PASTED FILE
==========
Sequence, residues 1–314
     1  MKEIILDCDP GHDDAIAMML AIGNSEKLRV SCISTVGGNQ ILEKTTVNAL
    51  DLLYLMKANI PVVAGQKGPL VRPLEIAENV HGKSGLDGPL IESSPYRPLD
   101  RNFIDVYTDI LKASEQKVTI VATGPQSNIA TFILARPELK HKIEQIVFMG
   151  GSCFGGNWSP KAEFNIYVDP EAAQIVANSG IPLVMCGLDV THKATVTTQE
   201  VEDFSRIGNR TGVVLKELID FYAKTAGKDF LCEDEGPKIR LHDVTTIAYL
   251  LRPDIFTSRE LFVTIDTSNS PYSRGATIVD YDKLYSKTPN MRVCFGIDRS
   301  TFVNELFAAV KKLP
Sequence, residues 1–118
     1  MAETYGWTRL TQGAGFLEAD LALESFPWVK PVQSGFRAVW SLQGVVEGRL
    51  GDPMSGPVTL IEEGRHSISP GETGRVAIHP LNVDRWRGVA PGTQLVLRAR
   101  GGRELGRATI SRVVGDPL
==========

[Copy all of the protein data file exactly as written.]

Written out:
Sequence, residues 1–314
     1  MKEIILDCDP GHDDAIAMML AIGNSEKLRV SCISTVGGNQ ILEKTTVNAL
    51  DLLYLMKANI PVVAGQKGPL VRPLEIAENV HGKSGLDGPL IESSPYRPLD
   101  RNFIDVYTDI LKASEQKVTI VATGPQSNIA TFILARPELK HKIEQIVFMG
   151  GSCFGGNWSP KAEFNIYVDP EAAQIVANSG IPLVMCGLDV THKATVTTQE
   201  VEDFSRIGNR TGVVLKELID FYAKTAGKDF LCEDEGPKIR LHDVTTIAYL
   251  LRPDIFTSRE LFVTIDTSNS PYSRGATIVD YDKLYSKTPN MRVCFGIDRS
   301  TFVNELFAAV KKLP
Sequence, residues 1–118
     1  MAETYGWTRL TQGAGFLEAD LALESFPWVK PVQSGFRAVW SLQGVVEGRL
    51  GDPMSGPVTL IEEGRHSISP GETGRVAIHP LNVDRWRGVA PGTQLVLRAR
   101  GGRELGRATI SRVVGDPL